While bleeding the brakes always make sure you check the master cylinder reservoir to make sure the fluid level is up so you do not get air in the brake lines. When bleeding the brakes did you have someone press down hard on the brake pedal hold the pressure on the brake pedal when opening the bleeder then push the brake pedal to the floor keep it there, until you tightened the bleeder, then pump the brakes up and hold it there, while you repeated the bleeding operation by opening the bleeder when the brake pedal go\'s to the floor keep the pedal down until you tighten the bleeder and then pump the brake pedal back up then check the fluid level in the reservoir, keep doing it until the brake fluid shows no sign of air.
If the brake pedal is pumping up during the bleeding process and you made sure you got all the air out of the brakes and then the pedal go\'s to the floor, make sure the fluid level is correct in the reservoir and the bleeder is closed tight and there are no leaks in the lines, wheel cylinder, brake cylinder the brake adjuster is working and master cylinder, and if you still have no brakes then it must be a defective piston in the wheel or brake cylinder, if there is a seal problem with the pistons you will not get any pressure to push the brake fluid. let me know how you are doing.
One or more of your inside wheel rims and calipers aren't wet ? no external leaks visible lines/fittings ? fluid could be draining into power booster if master cylinder seals are bad enough. If brake pedal slowing falls under pressure of your foot, after you've stopped, like while sitting at red light, odds are its bad seals in master cylinder, damage to brake booster if this is case if not repaired asap. You apply brakes before starting car to check booster.If pedal smoothly falls after starting car, booster fine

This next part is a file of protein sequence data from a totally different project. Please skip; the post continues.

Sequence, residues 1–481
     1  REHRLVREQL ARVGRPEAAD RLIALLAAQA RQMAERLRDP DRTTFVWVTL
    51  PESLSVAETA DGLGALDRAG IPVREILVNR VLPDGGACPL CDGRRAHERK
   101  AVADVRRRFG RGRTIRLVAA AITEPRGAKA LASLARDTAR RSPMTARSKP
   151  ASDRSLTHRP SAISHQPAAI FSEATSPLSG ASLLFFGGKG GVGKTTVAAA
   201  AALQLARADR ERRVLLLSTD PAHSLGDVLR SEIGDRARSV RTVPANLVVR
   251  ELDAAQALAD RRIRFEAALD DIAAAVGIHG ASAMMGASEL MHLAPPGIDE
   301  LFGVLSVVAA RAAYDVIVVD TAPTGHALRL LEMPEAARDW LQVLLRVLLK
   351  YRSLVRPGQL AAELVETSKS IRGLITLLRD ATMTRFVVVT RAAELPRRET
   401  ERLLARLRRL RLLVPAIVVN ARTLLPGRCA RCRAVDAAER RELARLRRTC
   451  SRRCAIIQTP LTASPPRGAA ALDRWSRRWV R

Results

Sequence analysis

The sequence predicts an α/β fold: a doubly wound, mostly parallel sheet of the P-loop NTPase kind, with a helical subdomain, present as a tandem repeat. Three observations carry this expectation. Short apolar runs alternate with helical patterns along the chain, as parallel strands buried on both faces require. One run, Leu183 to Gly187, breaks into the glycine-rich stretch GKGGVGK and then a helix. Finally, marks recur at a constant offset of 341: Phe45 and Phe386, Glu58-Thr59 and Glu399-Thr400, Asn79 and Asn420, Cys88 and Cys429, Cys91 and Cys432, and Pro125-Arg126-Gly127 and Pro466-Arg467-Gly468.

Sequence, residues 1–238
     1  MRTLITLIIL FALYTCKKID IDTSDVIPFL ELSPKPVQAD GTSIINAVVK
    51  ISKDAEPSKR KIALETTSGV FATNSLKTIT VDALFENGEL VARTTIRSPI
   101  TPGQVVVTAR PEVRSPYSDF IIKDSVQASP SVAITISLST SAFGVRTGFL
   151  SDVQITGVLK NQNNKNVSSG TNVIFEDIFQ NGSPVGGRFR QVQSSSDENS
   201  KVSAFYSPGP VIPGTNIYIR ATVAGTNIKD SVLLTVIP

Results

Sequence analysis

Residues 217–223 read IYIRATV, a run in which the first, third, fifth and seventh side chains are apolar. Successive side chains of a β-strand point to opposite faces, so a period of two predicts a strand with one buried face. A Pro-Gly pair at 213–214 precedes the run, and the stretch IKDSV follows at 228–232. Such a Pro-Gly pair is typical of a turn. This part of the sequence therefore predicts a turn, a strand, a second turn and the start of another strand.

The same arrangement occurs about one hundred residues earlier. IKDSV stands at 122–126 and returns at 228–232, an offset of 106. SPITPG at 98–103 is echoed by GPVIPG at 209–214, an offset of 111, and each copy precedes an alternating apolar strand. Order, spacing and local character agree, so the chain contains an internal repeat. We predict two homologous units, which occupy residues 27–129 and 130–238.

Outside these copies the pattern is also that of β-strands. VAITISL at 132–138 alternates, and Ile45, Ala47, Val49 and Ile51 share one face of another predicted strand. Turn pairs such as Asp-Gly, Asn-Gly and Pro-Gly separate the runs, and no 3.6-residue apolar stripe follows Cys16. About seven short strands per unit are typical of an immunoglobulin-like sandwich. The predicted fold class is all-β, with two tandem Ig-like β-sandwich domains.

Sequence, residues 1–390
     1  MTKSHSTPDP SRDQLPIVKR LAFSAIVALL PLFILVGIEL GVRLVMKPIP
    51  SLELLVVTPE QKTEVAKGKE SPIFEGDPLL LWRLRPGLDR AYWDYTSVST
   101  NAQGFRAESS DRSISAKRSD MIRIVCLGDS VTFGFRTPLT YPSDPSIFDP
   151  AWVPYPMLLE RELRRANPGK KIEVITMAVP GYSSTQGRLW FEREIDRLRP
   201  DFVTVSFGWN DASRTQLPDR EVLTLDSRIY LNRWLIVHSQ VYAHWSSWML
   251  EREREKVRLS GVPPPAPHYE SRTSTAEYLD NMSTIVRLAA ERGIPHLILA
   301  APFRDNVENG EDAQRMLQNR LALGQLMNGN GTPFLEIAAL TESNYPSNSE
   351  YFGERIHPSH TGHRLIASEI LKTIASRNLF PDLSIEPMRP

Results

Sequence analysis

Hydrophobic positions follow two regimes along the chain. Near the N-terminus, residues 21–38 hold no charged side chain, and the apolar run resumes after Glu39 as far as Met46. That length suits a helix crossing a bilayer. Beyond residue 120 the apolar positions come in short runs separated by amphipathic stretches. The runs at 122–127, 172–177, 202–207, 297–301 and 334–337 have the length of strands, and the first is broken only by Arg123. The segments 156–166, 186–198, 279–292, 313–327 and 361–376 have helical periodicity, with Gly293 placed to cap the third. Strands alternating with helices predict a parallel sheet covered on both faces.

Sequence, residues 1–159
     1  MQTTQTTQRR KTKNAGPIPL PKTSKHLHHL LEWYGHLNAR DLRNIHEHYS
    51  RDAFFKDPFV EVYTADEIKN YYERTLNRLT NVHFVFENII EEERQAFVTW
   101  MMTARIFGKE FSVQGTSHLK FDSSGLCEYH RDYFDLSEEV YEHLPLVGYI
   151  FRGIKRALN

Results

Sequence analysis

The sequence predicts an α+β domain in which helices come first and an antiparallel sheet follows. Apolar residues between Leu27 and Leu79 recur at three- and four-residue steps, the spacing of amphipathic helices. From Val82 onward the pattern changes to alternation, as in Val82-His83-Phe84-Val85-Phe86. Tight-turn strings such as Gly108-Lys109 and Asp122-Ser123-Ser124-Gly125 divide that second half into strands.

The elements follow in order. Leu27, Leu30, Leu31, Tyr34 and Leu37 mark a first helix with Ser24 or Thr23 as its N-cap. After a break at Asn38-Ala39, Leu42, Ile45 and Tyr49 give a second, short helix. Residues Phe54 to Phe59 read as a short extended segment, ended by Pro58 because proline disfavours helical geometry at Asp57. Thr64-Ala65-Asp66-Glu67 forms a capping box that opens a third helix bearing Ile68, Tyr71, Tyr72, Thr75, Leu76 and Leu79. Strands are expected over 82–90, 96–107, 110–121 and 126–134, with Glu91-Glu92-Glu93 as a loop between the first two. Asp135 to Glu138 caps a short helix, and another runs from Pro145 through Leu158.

Did you ensure that the master brake cylinder was topped up properly whilst you bled the back brake shoes?
If you did so and the brakes are free of air in the lines, then you still have to adjust the brake shoes to their operating position. Secure vehicle from movement. Jack back wheels of the ground, support with jack stands. Remove the rubber grommets that covers brake adjustment wheels. Turn star wheel adjuster with special adjustment tool or a wide blade screw driver. Lock the wheels with the adjustments, push in brake pedal until you have pressure, back off adjustments until wheel runs freely. you should have plenty of pedal now. Make sure master is at the right level at all times.
If you don't have pedal now then I would suggest you still have air in the brake lines.. If you pump the brakes until you have pressure and the pedal feels spongy , then you still have air in the line somewhere. Bleed until air is removed.